Nexus Governance: Harnessing Contending Forces at Work

For many rural farmers, fishers and communities, food, water and energy resources are not considered as separate issues, they are just part of daily reality and need to be managed accordingly. Yet, the conceptual separation and consequent management of these resources is what has happened in the world of experts and government bureaucracies.

In a world with increasing demand on limited resources, the multiple interlinkages and dependencies between sectors produce unforeseen and often negative impacts which require greater integration not less. If we are to better manage uncomfortable surprises between sectors, we need to take a holistic approach, not only conceptually but also in practice.

As decisions move to higher levels of administration, from district to region to state, and to the level of international agencies, there is increased specialization creating barriers to integration. This can create an “entwined predicament” of intermeshed water, energy and food issues.

Complex processes require more specialization for their effective management but which unfortunately leads to work in silos that don’t communicate between different agencies. This perplexing situation can often be more easily addressed at lower levels of organization: family, community, even village councils and municipalities, where nexus considerations are present as interlinked realities of daily life.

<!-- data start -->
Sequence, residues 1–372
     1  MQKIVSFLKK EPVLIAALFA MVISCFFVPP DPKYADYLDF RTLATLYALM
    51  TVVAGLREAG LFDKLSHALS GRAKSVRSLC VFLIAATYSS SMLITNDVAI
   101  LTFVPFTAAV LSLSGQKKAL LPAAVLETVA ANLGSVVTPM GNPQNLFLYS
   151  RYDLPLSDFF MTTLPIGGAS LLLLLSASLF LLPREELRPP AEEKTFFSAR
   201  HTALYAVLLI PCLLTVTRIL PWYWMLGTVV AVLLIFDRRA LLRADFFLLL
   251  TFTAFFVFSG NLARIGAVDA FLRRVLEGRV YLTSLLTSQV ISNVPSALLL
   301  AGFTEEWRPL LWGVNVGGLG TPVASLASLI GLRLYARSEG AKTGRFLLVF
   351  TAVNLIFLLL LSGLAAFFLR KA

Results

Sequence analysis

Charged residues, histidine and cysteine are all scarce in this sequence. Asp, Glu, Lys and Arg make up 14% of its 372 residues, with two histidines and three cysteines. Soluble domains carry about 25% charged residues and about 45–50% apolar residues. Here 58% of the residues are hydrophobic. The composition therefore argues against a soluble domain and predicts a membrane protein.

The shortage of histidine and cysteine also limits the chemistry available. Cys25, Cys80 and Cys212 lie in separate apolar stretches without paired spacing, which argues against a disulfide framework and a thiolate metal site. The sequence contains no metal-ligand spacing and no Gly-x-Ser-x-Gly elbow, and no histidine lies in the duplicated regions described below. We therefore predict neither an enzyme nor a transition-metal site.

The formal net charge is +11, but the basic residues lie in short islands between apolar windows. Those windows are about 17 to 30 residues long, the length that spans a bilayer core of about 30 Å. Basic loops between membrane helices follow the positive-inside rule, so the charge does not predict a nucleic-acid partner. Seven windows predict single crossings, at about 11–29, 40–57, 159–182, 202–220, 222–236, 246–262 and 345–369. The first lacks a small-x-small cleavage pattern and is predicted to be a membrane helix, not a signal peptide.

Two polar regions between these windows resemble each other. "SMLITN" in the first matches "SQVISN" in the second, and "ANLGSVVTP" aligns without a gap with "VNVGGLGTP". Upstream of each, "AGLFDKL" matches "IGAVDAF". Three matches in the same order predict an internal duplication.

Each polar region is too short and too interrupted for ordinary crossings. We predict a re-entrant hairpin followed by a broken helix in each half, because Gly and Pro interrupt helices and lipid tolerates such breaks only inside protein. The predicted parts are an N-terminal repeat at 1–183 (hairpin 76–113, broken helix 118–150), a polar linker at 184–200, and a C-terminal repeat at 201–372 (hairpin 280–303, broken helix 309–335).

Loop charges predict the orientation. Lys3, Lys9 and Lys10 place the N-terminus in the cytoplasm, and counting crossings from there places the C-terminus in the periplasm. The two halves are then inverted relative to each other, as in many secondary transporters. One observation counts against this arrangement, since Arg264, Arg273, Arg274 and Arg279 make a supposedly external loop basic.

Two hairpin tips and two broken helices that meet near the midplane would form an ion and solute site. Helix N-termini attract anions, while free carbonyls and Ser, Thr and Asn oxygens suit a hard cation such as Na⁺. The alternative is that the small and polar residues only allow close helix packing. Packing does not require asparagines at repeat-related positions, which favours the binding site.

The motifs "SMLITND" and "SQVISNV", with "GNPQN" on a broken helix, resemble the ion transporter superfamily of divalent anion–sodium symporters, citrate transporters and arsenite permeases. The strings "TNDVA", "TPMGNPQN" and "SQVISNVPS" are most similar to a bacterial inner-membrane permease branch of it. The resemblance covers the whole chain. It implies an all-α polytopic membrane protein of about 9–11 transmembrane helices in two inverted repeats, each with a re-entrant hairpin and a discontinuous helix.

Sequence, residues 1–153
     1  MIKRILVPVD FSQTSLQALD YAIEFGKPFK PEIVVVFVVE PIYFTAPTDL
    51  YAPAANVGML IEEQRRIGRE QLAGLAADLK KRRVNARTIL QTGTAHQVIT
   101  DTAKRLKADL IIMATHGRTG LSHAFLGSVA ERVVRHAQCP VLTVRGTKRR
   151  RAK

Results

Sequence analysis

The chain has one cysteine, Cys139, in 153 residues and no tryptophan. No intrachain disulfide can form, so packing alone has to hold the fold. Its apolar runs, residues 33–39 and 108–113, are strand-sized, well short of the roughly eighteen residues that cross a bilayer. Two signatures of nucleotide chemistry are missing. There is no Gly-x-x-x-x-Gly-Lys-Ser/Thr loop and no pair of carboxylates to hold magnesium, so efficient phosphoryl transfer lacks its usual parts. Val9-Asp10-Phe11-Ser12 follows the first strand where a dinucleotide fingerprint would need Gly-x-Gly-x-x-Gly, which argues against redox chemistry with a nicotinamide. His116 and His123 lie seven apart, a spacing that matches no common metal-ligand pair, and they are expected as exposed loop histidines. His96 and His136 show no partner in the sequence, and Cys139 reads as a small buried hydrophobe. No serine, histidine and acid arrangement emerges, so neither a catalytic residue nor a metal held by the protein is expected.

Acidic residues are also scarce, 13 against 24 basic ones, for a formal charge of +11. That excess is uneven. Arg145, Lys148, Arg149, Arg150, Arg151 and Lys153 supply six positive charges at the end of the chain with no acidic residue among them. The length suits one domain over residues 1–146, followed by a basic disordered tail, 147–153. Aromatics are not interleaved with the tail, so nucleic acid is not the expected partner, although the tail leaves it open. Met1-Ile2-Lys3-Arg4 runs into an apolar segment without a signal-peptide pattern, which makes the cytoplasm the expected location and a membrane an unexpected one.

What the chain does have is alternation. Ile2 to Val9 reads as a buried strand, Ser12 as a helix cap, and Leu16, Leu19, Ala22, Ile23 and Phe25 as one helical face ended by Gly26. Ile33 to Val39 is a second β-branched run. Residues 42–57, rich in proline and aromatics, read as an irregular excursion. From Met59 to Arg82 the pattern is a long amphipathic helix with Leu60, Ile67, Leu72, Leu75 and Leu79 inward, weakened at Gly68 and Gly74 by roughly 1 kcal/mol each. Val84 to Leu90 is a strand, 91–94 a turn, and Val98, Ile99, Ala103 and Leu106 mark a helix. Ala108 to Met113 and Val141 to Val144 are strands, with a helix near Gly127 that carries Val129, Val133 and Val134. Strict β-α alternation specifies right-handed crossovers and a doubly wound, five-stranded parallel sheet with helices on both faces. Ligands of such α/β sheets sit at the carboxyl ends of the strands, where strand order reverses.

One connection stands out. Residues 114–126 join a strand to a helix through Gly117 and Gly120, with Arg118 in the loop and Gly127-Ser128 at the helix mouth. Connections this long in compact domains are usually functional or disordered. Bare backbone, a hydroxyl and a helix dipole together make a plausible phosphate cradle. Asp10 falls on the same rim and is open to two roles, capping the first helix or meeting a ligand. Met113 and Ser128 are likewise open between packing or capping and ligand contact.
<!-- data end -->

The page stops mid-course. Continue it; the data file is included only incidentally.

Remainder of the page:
Addressing these issues, the Nexus Governance: Harnessing Contending Forces at Work Synthesis Paper presents examples from Nepal, India and Thailand to highlight some of the challenges in development approaches to harness multi-sector, multi-discipline and multipurpose thinking.

Nexus Blog

One in-depth case study focuses on the Kulekhani reservoir, Nepal’s only large dam and the only seasonal storage type hydroelectric project in the integrated Nepali power grid. The Kulekheni hydroelectric power stations are a cascade of three stations, two of which are operational. The first was completed in 1982 and the second in 1986.

The high dam and reservoir are above the first station, the lower ones exploiting the regulated tailrace waters from the large upper station. When the project was designed in the 1970s it focused on developing hydroelectric power and never considered using the stored water of Kulekhani, either within the reservoir for fisheries or downstream for irrigation and drinking water.

Despite the lack of benefits for other sectors, informal markets as well as social and environmental groups exploit these ‘created’ water resources, or advocate appropriate alternative and often local uses.

The people that were affected by the dam began cage fish farming downstream of it. There were no official agreements for this with the national utility and utility officials were not concerned with the fish farming as it was downstream, did not affect power generation, and belonged to another ministry. Flooding and consequent landslides in 1993, caused by a cloudburst delivering 540mm of rain in a day, washed away the intake for the power station which had to be re-constructed.

The utility undertook sudden and quick dewatering of the reservoir during the construction which killed all the fish that the villagers had been farming, resulting in local conflict. Nevertheless, today fish farming continues as part of the informal economy through a self-organized cooperative with no government regulation, and no planning with the Nepal Electricity Authority.